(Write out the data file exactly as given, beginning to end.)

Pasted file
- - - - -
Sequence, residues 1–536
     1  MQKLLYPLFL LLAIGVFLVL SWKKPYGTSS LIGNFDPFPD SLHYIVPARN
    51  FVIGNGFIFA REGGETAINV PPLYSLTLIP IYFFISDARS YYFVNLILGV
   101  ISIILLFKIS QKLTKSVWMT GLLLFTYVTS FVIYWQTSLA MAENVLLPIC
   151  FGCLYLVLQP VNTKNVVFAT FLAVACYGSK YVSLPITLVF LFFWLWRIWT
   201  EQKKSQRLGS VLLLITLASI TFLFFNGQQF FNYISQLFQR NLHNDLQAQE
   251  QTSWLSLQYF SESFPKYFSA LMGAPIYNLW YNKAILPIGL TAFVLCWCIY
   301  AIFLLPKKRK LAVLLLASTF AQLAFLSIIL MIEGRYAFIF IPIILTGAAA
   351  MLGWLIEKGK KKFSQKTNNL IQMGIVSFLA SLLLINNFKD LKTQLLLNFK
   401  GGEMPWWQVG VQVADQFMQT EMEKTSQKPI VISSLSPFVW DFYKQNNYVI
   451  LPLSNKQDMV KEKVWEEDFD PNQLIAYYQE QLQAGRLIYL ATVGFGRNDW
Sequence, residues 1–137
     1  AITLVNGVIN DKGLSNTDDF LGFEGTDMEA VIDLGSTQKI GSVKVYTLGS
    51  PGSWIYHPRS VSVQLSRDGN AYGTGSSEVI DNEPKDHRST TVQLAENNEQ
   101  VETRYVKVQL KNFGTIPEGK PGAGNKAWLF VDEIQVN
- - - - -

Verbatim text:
Sequence, residues 1–536
     1  MQKLLYPLFL LLAIGVFLVL SWKKPYGTSS LIGNFDPFPD SLHYIVPARN
    51  FVIGNGFIFA REGGETAINV PPLYSLTLIP IYFFISDARS YYFVNLILGV
   101  ISIILLFKIS QKLTKSVWMT GLLLFTYVTS FVIYWQTSLA MAENVLLPIC
   151  FGCLYLVLQP VNTKNVVFAT FLAVACYGSK YVSLPITLVF LFFWLWRIWT
   201  EQKKSQRLGS VLLLITLASI TFLFFNGQQF FNYISQLFQR NLHNDLQAQE
   251  QTSWLSLQYF SESFPKYFSA LMGAPIYNLW YNKAILPIGL TAFVLCWCIY
   301  AIFLLPKKRK LAVLLLASTF AQLAFLSIIL MIEGRYAFIF IPIILTGAAA
   351  MLGWLIEKGK KKFSQKTNNL IQMGIVSFLA SLLLINNFKD LKTQLLLNFK
   401  GGEMPWWQVG VQVADQFMQT EMEKTSQKPI VISSLSPFVW DFYKQNNYVI
   451  LPLSNKQDMV KEKVWEEDFD PNQLIAYYQE QLQAGRLIYL ATVGFGRNDW
Sequence, residues 1–137
     1  AITLVNGVIN DKGLSNTDDF LGFEGTDMEA VIDLGSTQKI GSVKVYTLGS
    51  PGSWIYHPRS VSVQLSRDGN AYGTGSSEVI DNEPKDHRST TVQLAENNEQ
   101  VETRYVKVQL KNFGTIPEGK PGAGNKAWLF VDEIQVN